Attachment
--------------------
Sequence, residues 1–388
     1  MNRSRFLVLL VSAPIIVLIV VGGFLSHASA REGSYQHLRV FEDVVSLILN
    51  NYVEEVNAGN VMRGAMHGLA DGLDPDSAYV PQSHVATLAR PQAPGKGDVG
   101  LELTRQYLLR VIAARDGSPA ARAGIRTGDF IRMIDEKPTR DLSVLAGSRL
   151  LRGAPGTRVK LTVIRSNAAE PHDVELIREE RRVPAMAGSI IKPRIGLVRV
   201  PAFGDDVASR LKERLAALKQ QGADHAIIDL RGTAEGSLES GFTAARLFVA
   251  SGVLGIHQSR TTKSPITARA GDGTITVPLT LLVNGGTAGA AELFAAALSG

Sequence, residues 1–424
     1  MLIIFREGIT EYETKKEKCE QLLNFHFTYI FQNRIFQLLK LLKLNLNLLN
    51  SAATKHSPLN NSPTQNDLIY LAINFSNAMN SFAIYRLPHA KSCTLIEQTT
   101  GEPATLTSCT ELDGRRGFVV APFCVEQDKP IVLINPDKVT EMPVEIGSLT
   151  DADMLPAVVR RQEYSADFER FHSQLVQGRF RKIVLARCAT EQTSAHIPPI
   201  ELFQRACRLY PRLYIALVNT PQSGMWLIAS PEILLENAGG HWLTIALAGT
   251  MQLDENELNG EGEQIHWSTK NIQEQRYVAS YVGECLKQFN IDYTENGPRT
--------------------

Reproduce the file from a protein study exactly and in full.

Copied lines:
Sequence, residues 1–388
     1  MNRSRFLVLL VSAPIIVLIV VGGFLSHASA REGSYQHLRV FEDVVSLILN
    51  NYVEEVNAGN VMRGAMHGLA DGLDPDSAYV PQSHVATLAR PQAPGKGDVG
   101  LELTRQYLLR VIAARDGSPA ARAGIRTGDF IRMIDEKPTR DLSVLAGSRL
   151  LRGAPGTRVK LTVIRSNAAE PHDVELIREE RRVPAMAGSI IKPRIGLVRV
   201  PAFGDDVASR LKERLAALKQ QGADHAIIDL RGTAEGSLES GFTAARLFVA
   251  SGVLGIHQSR TTKSPITARA GDGTITVPLT LLVNGGTAGA AELFAAALSG

Sequence, residues 1–424
     1  MLIIFREGIT EYETKKEKCE QLLNFHFTYI FQNRIFQLLK LLKLNLNLLN
    51  SAATKHSPLN NSPTQNDLIY LAINFSNAMN SFAIYRLPHA KSCTLIEQTT
   101  GEPATLTSCT ELDGRRGFVV APFCVEQDKP IVLINPDKVT EMPVEIGSLT
   151  DADMLPAVVR RQEYSADFER FHSQLVQGRF RKIVLARCAT EQTSAHIPPI
   201  ELFQRACRLY PRLYIALVNT PQSGMWLIAS PEILLENAGG HWLTIALAGT
   251  MQLDENELNG EGEQIHWSTK NIQEQRYVAS YVGECLKQFN IDYTENGPRT